Govt releases report into religious education

Govt releases report into religious education

Special Religious Education (SRE) will remain part of the NSW syllabus following the release of a landmark report responding to concerns over the classes.

The NSW Government, which commissioned the review in 2014, had come under pressure by principals and parents, who complained that there was insufficient oversight into the materials being provided.

Among the recommendations were calls for greater scrutiny over the classes and allowing students to opt-out of SRE classes in order to focus on regular schoolwork at the time those classes are being held.

While the NSW Government has accepted several of the review’s recommendations – such as the need to improve transparency and accountability – others were rejected.

NSW Education Minister, Rob Stokes, said the changes that will take place include ensuring information about providers and their curriculums are available to inspect online, improving complaint-handling procedures and ensuring age-appropriate content.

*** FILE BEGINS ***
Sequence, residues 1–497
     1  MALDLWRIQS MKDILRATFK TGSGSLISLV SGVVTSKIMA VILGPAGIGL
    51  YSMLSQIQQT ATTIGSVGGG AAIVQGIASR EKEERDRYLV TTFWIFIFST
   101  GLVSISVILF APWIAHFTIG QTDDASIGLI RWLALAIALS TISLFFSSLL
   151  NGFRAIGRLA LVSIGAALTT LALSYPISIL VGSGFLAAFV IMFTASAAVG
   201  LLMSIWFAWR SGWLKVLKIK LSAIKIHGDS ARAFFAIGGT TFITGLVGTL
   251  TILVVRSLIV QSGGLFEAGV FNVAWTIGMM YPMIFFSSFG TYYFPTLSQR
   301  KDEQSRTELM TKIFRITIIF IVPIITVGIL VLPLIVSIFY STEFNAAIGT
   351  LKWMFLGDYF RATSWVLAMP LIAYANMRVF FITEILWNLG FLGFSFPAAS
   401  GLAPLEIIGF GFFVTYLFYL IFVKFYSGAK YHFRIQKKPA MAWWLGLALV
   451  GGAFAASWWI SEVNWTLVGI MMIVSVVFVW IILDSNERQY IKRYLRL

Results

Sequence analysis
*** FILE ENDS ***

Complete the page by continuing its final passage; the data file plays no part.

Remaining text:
However, Stokes said there were “no widespread or systemic evidence of problems in the present system of SRE or SEE [ethics].”

Newcastle East Public School principal, John Beach, who retired in 2016, told The Educator that NSW DET implementation guidelines specifically set out that schools really have no say in the content of Special Religious Education (SRE) lessons.

“Principals really have no knowledge of this syllabus, and the real issue in my experience has been that SRE volunteers ‘stray’ from the content of that syllabus, which itself is quite benign, sticking to Christian ethics and Bible stories.”

Under the NSW Education Act of 1990, up to one hour a week can “be allowed for the religious education of children of any religious persuasion”.

Beach suggested that the Department should be given greater oversight of SRE classes to avoid incidents that could embroil schools in controversy.

Opposition education spokesman, Jihad Dib, told Fairfax Media he was concerned that “sensible recommendations” – such as being able to opt in or out of the classes – had been rejected.  

“Even though we have had to wait for 18 months, there are still many questions to be answered,” Dib said.


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Tempers flare as religious instruction classes get the axe